Though I’m a little behind on blog reading due to the online conference I’m attending, I still found lots of great stuff to share.
My Biggest Struggle with Daily Devotions, HT to Challies. “My biggest struggle with daily devotions is not carving out the 20 to 30 minutes needed to read the word and spend time with God. The most difficult part is slowing down my heart and mind enough to get anything from it.”
How Should We Apply Biblical Narratives, HT to Knowable Word. “A biblical narrative’s presence doesn’t necessarily imply approval of its contents. Description is not the same as recommendation. But in the absence of explicit commentary from the biblical author, how can we sort out what to apply from each story?”
From Rage to Repentance, HT to Challies. “Hamid* unexpectedly walked in just as the service was beginning. At once I felt anxious chills in the back of my head and neck, my body’s way of telling me that it feels threatened. The last time I had seen this man had been five years previous – and he had been screaming at me in the middle of the street . . .” Wonderful and encouraging story of God’s grace.
Why It’s Right for God to Seek and Demand Glory, HT to Challies. Way back in college, one of my Bible professors brought up the question of why it’s ok for God to seek to be glorified, but it would be selfish on anyone else’s part. Unfortunately, he didn’t answer the question, and it has troubled me from time to time over the years. I knew God deserved glory, and because He is inherently good, it’s not wrong for Him to seek it. But the thought that helped me most was that we’re changed by beholding His glory (2 Corinthians 3:18)–one reason He wants us to see His glory is so we might become more like Him. There’s a quote I can’t find right now, I think from John Piper, that says God doesn’t “need” glory, but we need to glorify Him. This post brings up another couple of reasons.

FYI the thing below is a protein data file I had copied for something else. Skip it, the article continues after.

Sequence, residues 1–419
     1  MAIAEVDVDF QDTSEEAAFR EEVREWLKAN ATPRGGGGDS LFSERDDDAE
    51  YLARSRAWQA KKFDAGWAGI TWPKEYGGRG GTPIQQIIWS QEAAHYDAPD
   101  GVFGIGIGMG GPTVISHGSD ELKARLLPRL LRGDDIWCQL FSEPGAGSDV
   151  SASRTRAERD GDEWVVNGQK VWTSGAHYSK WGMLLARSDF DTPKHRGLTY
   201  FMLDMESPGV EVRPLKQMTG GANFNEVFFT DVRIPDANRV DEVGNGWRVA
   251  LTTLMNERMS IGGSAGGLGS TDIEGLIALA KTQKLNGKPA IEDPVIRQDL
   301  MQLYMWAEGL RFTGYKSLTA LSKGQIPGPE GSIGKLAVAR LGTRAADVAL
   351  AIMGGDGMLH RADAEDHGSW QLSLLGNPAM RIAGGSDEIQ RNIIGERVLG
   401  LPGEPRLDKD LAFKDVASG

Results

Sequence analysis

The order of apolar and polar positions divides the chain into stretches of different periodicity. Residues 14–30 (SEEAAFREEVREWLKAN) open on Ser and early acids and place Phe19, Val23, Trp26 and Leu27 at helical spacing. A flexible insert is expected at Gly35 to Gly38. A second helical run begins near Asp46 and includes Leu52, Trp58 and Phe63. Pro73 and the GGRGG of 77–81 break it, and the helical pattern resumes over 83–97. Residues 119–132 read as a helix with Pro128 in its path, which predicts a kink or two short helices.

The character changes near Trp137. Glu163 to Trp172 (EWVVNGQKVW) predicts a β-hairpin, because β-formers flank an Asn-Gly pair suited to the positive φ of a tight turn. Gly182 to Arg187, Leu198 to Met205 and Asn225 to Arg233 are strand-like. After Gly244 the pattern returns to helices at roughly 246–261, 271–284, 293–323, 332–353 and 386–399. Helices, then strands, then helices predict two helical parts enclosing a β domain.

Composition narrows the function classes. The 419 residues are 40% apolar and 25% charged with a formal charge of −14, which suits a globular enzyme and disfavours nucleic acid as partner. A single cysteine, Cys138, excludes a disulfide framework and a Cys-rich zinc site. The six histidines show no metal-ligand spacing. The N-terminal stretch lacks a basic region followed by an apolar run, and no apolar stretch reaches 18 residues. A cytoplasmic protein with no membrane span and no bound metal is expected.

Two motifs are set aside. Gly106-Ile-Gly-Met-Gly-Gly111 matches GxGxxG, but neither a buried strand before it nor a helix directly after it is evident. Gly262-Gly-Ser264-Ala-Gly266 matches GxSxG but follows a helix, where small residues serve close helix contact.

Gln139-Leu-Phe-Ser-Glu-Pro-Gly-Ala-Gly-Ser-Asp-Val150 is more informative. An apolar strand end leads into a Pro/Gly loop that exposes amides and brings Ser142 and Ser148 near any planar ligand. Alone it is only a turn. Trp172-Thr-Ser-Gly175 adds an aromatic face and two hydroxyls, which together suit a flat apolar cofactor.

The Value of Knowing Both Sides, HT to Challies. “This skill—the skill of articulating both sides of an issue—is one that is in short supply in American culture. Most debates that we observe on television consist of two people trying to outshout and demonize each other. This is because it is much easier to dismiss opposing arguments than it is to understand them.”
When the Same Sin Comes ‘Round Again. This post brings out some good conclusions concerning Abraham’s repeated sin of lying about his relationship with his wife. But it’s also a good example of using observation and considering context when studying the Bible.
Entrusting My Treasure. “I wanted to require God to insulate my family from hurts in exchange for our sacrifice and service. This would not do.”
Be Careful About the Multiplying Attacks on Christian Nationalism. “There are those that are conflating conservative politics and Christianity, but the political left is conflating all conservatives into one category in order to dismiss them all.”